Abuse is hardest to handle when you had good reason to trust those who abuse you–like parents or pastors. Jesus delivered His strongest words to the spiritual leaders of His day who were fleecing sheep instead of feeding them. Unfortunately, it is common in all kinds of churches. Check out these signs.


Some church leaders don’t mix with others because they consider themselves better. Arrogance plays into abuse: “I need to do what God tells me to do.” And the cronies listen up.  “God resists the proud but gives grace to the humble” (James 4:6).  You don’t want to be supporting someone God is coming against. Blind and naive loyalists do.


If you don’t know where the money is going, and a leader doesn’t want to tell you, leave. He has issues. The books should be open to any mature inquiry. If you don’t get answers to financial or other legitimate questions, and your opinion doesn’t count but your offering does, don’t stick around.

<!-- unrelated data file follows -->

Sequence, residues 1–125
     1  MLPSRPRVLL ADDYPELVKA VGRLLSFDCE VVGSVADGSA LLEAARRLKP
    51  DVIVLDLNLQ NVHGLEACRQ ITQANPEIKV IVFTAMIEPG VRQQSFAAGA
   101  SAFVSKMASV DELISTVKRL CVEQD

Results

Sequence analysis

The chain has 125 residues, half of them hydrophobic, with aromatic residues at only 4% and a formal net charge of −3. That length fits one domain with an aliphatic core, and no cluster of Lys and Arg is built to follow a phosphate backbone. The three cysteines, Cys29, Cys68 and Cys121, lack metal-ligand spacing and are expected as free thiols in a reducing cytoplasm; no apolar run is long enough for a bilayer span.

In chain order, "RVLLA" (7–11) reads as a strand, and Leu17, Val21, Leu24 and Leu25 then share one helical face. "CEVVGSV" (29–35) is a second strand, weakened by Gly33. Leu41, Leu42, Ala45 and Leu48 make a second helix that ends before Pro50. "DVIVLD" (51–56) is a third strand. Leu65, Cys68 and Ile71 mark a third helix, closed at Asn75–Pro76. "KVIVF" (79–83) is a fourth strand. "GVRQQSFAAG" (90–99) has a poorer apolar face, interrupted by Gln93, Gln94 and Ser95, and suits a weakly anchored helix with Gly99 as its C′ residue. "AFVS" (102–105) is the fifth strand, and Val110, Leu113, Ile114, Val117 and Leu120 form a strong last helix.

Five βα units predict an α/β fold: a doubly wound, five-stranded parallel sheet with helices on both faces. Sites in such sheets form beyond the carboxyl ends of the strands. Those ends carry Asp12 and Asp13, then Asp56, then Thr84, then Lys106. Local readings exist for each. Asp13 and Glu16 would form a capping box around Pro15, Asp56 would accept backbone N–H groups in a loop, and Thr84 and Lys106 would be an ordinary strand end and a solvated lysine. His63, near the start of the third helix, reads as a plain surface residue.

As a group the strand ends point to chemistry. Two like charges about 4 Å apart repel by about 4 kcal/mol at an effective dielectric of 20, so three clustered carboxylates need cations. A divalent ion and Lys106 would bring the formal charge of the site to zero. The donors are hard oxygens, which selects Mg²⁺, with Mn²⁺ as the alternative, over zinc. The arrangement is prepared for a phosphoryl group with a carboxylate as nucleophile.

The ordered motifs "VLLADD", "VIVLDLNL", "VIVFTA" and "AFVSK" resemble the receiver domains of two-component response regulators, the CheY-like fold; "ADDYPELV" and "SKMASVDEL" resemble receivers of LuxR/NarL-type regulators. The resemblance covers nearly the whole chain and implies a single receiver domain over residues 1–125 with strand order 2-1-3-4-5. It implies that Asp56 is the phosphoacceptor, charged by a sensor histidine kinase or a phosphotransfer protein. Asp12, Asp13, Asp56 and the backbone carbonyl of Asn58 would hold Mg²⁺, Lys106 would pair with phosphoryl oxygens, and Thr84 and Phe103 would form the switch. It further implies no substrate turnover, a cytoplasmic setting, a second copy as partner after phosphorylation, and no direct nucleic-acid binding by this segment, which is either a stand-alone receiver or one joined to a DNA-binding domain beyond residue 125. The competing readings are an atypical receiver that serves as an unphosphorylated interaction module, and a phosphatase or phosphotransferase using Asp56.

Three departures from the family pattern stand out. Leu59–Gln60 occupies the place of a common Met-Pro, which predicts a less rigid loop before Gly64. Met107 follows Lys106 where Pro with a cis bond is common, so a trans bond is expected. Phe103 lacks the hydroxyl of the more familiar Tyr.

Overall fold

Vulnerability releases grace. Hiding behind a reputation releases suspicion. Don’t trust someone who doesn’t respect others enough to walk in the light. Koinonia is not possible with pastors who do not exhibit humility and honesty. “If we say we have no sin, we deceive ourselves, and the truth is not in us” (I John 1:8). Fellowship happens with the open and broken.


Abusers have friends. If you are not one of them, you may need another family. This one could be sick unto death. They have their in-groups. You will be glad you’re not in it when you see signs of a sick family system that gives privilege to insiders and scoffs at outsiders.


Jesus taught servant leadership–from the bottom up. Abusers like the view from the top; strong on legalism, weak on grace. They expect things from others they don’t do themselves, and they are blind to their own hypocrisy. Then again, they may know they are hypocrites. But they won’t tell you.


A wolf in sheep’s clothing still acts like a wolf. If you see glaring weaknesses in a spiritual leader, like harshness, anger, or sensuality, you don’t have a worthy shepherd. He needs to deal with his issues and surrender leadership. If he excuses bad habits, don’t you. He doesn’t understand grace, and he will abuse his position.